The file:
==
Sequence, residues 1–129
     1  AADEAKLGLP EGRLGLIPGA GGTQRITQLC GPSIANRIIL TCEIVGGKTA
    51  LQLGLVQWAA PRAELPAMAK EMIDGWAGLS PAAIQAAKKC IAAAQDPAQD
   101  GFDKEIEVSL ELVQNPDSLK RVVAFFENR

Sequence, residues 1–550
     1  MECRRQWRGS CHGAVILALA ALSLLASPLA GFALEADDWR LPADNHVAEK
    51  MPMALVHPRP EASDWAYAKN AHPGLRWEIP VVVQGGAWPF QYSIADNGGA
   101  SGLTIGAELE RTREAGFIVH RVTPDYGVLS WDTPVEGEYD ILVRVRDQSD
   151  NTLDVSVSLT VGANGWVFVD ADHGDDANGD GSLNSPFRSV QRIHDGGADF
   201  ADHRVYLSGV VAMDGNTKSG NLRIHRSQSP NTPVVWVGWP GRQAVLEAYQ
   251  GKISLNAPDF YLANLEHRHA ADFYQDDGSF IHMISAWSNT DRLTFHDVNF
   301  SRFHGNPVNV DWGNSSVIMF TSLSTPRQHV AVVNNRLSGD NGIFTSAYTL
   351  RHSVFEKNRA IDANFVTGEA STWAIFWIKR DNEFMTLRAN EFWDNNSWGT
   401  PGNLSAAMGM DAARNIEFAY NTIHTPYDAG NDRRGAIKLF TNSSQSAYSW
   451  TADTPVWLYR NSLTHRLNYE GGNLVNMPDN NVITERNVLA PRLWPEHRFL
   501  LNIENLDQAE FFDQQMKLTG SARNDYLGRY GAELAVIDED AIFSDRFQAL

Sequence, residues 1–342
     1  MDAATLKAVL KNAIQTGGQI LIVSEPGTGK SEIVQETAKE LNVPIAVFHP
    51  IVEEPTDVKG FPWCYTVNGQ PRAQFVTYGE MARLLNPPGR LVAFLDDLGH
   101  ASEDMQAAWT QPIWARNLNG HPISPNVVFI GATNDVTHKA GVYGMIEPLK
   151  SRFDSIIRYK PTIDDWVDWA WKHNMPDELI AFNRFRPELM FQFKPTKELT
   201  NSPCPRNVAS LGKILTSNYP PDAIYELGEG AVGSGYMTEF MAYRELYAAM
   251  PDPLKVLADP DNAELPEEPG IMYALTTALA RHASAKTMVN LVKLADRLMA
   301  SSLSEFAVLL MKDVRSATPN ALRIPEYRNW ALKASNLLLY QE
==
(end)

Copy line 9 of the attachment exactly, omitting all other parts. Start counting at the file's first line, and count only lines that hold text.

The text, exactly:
   151  NTLDVSVSLT VGANGWVFVD ADHGDDANGD GSLNSPFRSV QRIHDGGADF